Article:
A few weeks ago we reported on Chef Ned Bell and his plans to cycle across Canada to raise awareness about the state of our oceans, rivers and lakes, and specifically, to turn the conversation towards making informed and educated choices when it comes to choosing sustainable seafood.
One of the more often overlooked choices that regularly appears on lists of sustainable seafood picks is the humble sardine. Many of us have been snacking on tinned sardines for years, lured by the convenience, devoted the taste, unaware that when it comes to seafood, sardines are one of the more environmentally responsible -and healthy-choices we can make in our diets.
Sardines, sometimes called pilchards, refers to the juveniles of a number of members of the herring family Clupeidae, with the Food and Agriculture Organization of the United Nations (FAO) allowing 21 species to be called sardines.
Typically, herring longer than 6 inches are called herring, and would be named and sold as such and used in tinned herring, pickled herring, rollmops and so forth. The name Sardine comes from the Italian Island, Sardinia, once famous for the massive pilchard populations in the surrounding waters.
As in sustainable tuna fishing, a purse seine net is typically used to fish sardines. This method reduces bycatch, and is regarded by the International Seafood Sustainability Foundation as one of the best and most ocean friendly methods. Here is a short video of sardine catch on the west coast.
Sardines, or herrings are also amazing fresh, but because they are so perishable it is rare for us to access them, but if you see them fresh you should definitely give them a try.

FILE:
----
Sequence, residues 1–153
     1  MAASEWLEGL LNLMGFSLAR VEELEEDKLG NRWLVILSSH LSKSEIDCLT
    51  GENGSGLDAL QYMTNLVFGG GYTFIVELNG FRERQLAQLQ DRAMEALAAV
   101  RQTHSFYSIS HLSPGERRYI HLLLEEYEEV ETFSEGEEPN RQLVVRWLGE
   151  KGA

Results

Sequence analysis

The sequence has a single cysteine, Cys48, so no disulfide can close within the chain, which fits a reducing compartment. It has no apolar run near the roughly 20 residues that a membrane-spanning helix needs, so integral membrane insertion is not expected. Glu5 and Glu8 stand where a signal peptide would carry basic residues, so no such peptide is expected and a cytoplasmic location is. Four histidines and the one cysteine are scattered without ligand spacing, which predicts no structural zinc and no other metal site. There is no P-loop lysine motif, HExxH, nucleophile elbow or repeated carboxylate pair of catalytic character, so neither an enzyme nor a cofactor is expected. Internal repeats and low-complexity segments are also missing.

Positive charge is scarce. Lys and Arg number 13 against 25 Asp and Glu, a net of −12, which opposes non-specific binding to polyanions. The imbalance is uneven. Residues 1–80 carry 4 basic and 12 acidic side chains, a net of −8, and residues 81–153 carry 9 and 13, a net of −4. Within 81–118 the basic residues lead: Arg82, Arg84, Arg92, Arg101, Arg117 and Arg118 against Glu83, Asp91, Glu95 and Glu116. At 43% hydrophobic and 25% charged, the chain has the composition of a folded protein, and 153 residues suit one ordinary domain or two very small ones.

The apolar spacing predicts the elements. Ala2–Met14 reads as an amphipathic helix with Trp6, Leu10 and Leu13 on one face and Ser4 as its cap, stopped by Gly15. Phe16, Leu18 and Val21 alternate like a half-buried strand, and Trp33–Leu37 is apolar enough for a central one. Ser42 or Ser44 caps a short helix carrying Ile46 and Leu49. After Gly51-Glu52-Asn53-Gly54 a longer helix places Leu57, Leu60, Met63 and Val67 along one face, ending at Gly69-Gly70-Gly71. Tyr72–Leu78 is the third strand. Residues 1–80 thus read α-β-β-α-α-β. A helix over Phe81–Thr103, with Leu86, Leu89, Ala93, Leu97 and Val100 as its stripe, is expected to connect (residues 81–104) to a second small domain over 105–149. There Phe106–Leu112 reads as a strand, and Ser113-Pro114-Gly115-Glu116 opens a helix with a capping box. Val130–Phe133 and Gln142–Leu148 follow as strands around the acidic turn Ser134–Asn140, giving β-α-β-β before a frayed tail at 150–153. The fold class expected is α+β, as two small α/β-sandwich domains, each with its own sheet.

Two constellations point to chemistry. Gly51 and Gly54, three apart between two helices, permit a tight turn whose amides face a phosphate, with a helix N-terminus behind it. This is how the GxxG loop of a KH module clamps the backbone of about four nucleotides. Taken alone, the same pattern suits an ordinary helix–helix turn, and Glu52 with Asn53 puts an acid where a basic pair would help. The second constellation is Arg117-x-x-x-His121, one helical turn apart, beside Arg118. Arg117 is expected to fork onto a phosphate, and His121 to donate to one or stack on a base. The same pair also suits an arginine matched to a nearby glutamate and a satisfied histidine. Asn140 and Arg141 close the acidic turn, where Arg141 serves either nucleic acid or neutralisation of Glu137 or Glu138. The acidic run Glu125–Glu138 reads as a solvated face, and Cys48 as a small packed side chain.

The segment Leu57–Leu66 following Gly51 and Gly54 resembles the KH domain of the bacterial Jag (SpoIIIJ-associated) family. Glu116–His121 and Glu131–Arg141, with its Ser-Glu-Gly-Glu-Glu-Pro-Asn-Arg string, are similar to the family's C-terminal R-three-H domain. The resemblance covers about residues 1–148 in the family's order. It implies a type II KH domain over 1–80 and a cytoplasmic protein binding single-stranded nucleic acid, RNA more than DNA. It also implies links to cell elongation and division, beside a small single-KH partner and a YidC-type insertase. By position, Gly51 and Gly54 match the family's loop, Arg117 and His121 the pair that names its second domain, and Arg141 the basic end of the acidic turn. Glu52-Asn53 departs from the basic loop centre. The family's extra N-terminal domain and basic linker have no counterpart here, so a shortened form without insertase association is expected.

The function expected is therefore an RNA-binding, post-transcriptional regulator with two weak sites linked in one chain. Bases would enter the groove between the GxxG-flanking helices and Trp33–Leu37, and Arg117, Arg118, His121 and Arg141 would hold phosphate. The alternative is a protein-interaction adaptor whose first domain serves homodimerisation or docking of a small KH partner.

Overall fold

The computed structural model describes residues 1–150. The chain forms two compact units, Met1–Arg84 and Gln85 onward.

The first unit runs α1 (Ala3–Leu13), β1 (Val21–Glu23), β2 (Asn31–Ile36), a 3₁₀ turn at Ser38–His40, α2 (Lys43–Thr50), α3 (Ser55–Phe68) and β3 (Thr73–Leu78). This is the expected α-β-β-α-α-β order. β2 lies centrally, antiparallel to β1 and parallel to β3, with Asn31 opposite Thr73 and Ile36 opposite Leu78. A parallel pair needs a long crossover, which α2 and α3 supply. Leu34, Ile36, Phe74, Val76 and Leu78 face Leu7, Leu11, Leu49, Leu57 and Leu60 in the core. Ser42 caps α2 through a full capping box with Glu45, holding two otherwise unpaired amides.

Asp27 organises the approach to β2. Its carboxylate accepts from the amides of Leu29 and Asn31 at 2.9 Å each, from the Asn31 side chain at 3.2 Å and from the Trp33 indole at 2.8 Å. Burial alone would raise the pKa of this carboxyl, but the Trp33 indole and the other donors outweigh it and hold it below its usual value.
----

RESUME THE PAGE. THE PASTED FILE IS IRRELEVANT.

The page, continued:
Tinned sardines remain the most common way to eat them, and they are incredibly healthy. Packed with protein, vitamin D, and calcium (bones and all!) a small tin (3 1/4 ounces) of sardines contains over 60 % of your DRI of omega-3 fats, and are high in B vitamins, supplying you with up to 300% of your DRI of vitamin B-12! Furthermore, because sardines are so low on the food chain, (basically all they eat are plankton) they are very low in mercury and other poisons that are, sadly, more prevalent in larger ocean fish. Check here for a more detailed nutritional profile.
Now all of this wouldn’t be any interest to us, not really, if sardines weren’t so delicious. There are innumerable ways to enjoy sardines; since they are usually packed in oil, there is no need to add any extra oil when serving, maybe just a little lemon juice and a little sea salt and fresh ground pepper.
My husband’s favourite way is to smash them on toast with mustard. For more exciting and innovative ways to enjoy sardines, including recipes for Greek Salad with Sardines, Lemon Garlic Fettuccine with Sardines and Tomato toast with Sardines and Mint, check out these delicious recipes.